Clarke explained that by maintaining flexibility Jamaica maintains economic security, high reserves, capital convertibility, "there is no que and we maintain competitiveness."
Pressed further on the decision Clarke said “we see it as being best for Jamaica, the proof is in the pudding. “
With the accelerated growth trajectory and booming construction sector, Clarke was asked about the possibility of his record low inflation rates being eroded.
Jamaica's Finance Minister expressed confidence that the reforms will mitigate inflationary pressures.
“We have a legislative agenda around the operations of the Central Bank and its mandate. This legislation will make the Central Bank more independent and free from the political directorate.”
He explained that the Central Bank’s new mandate will be to form and maintain a low, stable and predictable inflation rate and the reforms hinge on the themes of transparency, accountability and accessibility.
He added, “There will be improved governance structures, the Central Bank Governor will appear before Parliament and face the people, the decision making will be diffused to the committees of the bank.”
For decades Jamaica has complained that its manufacturers are disadvantaged against local manufacturers because of the low cost of electricity in T&T.
The country tried unsuccessfully to import liquefied natural gas from T&T and wanted what it called a Caribbean price. However, the owners of Train 1 were unwilling to provide a discounted price saying it would be against the World Trade Organisation rules.
In 2017, Jamaica’s energy mix for power generation was 80 per cent oil, 10 per cent gas and 10 per cent renewables. However, this year, the mix is expected to be 45 per cent LNG, 40 per cent oil and 15 per cent renewables.
The rapid shift comes after years of price pain for Jamaican end-users. Due to the volatility of international oil markets and the consequences of inefficient diesel generation, the increased fuel costs were largely passed on to both retail and commercial consumers.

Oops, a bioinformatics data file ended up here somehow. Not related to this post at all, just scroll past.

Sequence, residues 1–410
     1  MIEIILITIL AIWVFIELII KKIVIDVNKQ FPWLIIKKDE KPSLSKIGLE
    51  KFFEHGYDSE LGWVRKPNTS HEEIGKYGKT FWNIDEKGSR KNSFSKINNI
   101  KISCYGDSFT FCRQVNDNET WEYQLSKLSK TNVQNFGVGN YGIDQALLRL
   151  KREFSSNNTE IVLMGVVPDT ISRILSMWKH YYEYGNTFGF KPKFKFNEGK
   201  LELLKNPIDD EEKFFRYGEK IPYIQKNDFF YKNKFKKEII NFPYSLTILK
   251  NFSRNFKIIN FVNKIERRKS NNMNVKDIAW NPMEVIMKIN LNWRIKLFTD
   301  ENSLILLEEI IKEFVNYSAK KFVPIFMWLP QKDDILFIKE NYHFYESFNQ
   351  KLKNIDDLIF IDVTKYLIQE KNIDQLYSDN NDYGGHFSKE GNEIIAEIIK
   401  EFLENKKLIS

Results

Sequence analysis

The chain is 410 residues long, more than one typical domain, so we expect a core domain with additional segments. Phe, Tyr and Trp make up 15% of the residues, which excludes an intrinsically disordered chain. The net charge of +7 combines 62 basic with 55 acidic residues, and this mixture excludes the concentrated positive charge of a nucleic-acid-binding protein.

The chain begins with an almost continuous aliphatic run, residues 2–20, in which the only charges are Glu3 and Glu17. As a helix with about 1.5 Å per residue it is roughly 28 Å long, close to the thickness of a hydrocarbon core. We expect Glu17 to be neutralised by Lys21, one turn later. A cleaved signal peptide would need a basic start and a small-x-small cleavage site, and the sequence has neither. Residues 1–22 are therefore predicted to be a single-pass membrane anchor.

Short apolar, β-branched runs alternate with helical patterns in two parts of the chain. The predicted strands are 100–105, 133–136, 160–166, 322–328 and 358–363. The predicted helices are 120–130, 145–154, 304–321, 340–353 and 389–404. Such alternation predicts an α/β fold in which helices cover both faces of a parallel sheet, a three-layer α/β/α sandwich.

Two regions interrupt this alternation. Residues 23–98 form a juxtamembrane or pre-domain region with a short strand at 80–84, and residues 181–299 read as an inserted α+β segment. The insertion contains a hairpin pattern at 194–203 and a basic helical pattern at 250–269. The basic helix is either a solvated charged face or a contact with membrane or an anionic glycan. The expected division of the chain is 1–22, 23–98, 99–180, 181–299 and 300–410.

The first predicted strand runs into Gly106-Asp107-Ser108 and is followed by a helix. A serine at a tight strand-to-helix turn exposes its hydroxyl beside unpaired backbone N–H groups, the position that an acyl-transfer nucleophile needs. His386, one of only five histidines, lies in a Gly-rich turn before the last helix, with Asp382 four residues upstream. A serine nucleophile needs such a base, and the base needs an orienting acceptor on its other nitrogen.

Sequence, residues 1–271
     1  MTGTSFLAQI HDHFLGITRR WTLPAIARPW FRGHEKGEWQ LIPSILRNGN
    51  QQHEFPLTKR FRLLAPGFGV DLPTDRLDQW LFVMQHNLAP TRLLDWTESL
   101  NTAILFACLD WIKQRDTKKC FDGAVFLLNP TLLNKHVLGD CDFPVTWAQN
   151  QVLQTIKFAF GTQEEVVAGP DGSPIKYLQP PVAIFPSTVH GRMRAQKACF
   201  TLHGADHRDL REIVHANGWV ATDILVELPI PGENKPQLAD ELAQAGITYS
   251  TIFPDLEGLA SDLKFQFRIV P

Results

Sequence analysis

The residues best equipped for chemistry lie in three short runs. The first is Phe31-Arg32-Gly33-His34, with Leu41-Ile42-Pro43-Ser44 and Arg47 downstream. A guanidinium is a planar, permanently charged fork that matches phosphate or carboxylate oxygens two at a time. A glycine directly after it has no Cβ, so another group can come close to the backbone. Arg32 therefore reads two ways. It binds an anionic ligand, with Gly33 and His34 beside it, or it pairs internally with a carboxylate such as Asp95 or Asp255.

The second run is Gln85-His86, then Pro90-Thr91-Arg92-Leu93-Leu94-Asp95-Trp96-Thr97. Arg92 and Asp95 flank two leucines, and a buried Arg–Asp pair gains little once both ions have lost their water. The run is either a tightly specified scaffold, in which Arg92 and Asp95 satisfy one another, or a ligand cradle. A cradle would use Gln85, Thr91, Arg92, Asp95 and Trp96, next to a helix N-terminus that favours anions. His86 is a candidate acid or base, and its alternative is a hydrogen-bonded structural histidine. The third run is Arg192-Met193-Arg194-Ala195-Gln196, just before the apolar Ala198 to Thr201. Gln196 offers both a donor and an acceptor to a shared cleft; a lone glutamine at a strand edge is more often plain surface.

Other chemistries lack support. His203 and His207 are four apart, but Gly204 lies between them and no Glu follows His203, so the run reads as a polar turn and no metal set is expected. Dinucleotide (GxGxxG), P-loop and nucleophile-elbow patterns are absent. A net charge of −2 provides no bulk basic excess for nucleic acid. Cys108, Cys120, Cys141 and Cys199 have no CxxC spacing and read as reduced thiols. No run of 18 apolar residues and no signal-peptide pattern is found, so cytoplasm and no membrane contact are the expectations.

Between 2009 to 2013, customers felt the pain of a sharp rise in average rate charges of almost 70 per cent.
But that scenario is now in the past and the government hopes to permanently change it.
Clarke said, “energy turnaround is a big part of Jamaica’s success story” adding that the island has “diversified its fuel mix.”
He is confident that the LNG imports will lead to greater competitiveness, as the price of energy is expected to fall even further.
The change energy mix has made the balance of payments more competitive and has impacted other elements of business costs “Jamaica a more attractive market for business.”
The World Bank recognises Jamaica as the best place to do business in the region.
But could the country have achieved its success without the IMF?
“People see IMF as externally imposed. This is a Jamaica progamme with the IMF help. We know what we wanted and the IMF provided the technical support along with other resources,” Clarke said.
But he insisted the success would be minimal without the people.
“All credit goes to Jamaican people, unions, academics, the public service, the Government and Opposition and the Jamaican people.”
The Business Guardian pointed out that Jamaica has had IMF imposed policies for over 30 years, so what has made the difference ?
Clarke said once again it is the people.
“This time around Jamaica has implemented the reforms in the IMF programmes, in previous iterations we have exited early having not fulfilled and not embraced the reforms. This time around the Jamaican people demanded fidelity to the IMF.”
T&T has remained resolute in its position on not returning the IMF.
In 2016, Prime Minister Dr Keith Rowley said he is committed to ensuring that T&T does not have to go to the IMF for balance of payments support. In the 2016 interview the Prime Minister insisted that the IMF will dictate major cuts in transfers and subsidies.
“It is better for us to take small doses of pain rather than go to the IMF.”
He said T&T can manage its own “landing.”
“We have a chance to do what is necessary to avoid that,” Rowley said.
Reporter: Hema Ramkissoon